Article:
SA allocates funds for Indonesian music ensemble, introduces funding bills


Tuesday, Aug. 31, the College of William and Mary’s Student Assembly Senate convened via Zoom for a special session ahead of the first day of undergraduate classes. At the meeting, senators approved an Activities and Events funding request from the Asian American Student Initiative and introduced four new bills to be voted on next week. 

The Senate began the meeting by discussing AASI’s $4,000 funding request to bring Çudamani, an Indonesian ensemble of musicians and dancers, to Williamsburg. The event, which will be held in the theater at the Williamsburg Regional Library Sept. 23, will be free and open to both students and the general public. 

“We thought that having a South Asian group, especially one that focuses more on the cultural aspect of it, would be really good and really beneficial for the campus and also for the general Williamsburg community to come in and learn,” AASI representative Irene Liu ’23 said. 

Liu and fellow AASI member Grace Liscomb ’23 assured senators that the indoor event, with an anticipated attendance of around 200, would follow all COVID health and safety protocols, including adherence to the city’s indoor mask mandate. They emphasized that the cultural and educational event aligns with the goals of the Asian and Middle Eastern Studies Department and the Asian Centennial cluster of courses. As a result, they are seeking additional funding from the Global Studies Department and the Center for the Liberal Arts, among other campus departments. 

After the discussion period, senators unanimously approved the request. 

Later in the meeting, senators introduced four bills, including the Sankofa Legacy Fest Act, sponsored by Sen. Shaunna Scott ’23. The bill seeks $8,300 from SA Reserves to fund a 3-hour celebration of Black heritage at the College, centered around the Sankofa Seed sculpture on campus. The Fest would be held during the fall semester and would include professional and student performances, food and crafts vendors and various arts from the African Diaspora.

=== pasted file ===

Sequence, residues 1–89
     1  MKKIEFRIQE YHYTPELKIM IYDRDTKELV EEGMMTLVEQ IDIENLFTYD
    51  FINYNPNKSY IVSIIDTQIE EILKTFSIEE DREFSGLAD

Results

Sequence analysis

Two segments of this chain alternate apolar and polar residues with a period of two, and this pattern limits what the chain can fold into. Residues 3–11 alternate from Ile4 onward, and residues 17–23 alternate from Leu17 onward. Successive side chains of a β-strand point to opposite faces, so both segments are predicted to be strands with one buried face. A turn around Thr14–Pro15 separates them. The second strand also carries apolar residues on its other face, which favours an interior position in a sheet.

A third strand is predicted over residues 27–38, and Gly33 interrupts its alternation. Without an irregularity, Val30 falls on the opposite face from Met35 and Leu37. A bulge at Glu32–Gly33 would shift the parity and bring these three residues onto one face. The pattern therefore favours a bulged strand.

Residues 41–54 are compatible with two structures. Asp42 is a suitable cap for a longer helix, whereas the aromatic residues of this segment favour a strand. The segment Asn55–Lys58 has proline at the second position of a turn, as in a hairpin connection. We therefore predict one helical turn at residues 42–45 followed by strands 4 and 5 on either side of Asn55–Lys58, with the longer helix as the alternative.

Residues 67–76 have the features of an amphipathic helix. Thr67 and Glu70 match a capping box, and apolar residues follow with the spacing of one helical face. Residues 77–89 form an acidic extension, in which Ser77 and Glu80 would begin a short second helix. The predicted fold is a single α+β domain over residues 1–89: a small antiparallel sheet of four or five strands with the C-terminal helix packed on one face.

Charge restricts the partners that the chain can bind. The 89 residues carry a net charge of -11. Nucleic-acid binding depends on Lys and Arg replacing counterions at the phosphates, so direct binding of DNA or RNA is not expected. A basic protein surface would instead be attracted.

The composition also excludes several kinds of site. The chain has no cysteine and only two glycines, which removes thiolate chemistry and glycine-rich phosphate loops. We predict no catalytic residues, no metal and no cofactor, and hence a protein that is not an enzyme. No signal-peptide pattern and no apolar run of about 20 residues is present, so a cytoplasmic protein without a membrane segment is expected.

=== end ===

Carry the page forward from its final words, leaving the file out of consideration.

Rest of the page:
The funding would go toward bringing in musical performers as well as purchasing t-shirts, posters and inks that can be sold to fund the event.

Also at the meeting, Senate Chair Owen Williams ’23 introduced the 9/11 Wreath Funding Act, which allocates $150 from SA Reserves to purchase a commemorative wreath for the anniversary of the September 11 attacks. In previous years, SA had granted this money to the Queens’ guard, the College’s military color guard organization, whose members then purchased and guarded the wreath. However, Queens’ Guard is no longer recognized by the College due to conduct violations. The bill calls for SA to handle oversight of the wreath in respect of this tradition. 

Williams also introduced the Class of 2020 Dance Funding Act, which calls for SA to support the Class of 2020 by allocating $3,200 to help defer the costs of their delayed senior class dance, which is now scheduled for October during homecoming weekend. SA typically funds a portion of the senior class dance for each class from their Student Activities Fee, but due to COVID-related cancellations during 2020, the Class of 2020’s dance funds were returned to SA Reserves. Typically, this dance costs SA $15,000 and relies on ticket funds to break even. However, the University Commencement Committee has requested only $3,200 from SA for this year’s event. 

All new bills will be voted on at next week’s meeting. 


Also at this week’s meeting:


  • Class of 2024 President Vicka Heidt ’24 introduced the Chalk Art Competition Act, which would allocate $950 from SA Reserves to fund water and lemonade stations and facilities fees at the Sept. 4 and 5 Chalk Art and “Art Walk” events hosted by the Muscarelle Museum of Art.



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